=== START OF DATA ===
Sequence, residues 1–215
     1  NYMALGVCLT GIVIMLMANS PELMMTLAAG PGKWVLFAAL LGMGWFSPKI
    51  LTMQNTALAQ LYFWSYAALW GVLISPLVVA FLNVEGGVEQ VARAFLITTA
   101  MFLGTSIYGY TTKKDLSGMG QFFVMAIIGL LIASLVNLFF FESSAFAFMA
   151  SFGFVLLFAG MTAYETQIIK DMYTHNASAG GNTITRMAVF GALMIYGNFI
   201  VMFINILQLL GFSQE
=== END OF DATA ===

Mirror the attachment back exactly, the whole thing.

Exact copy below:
Sequence, residues 1–215
     1  NYMALGVCLT GIVIMLMANS PELMMTLAAG PGKWVLFAAL LGMGWFSPKI
    51  LTMQNTALAQ LYFWSYAALW GVLISPLVVA FLNVEGGVEQ VARAFLITTA
   101  MFLGTSIYGY TTKKDLSGMG QFFVMAIIGL LIASLVNLFF FESSAFAFMA
   151  SFGFVLLFAG MTAYETQIIK DMYTHNASAG GNTITRMAVF GALMIYGNFI
   201  VMFINILQLL GFSQE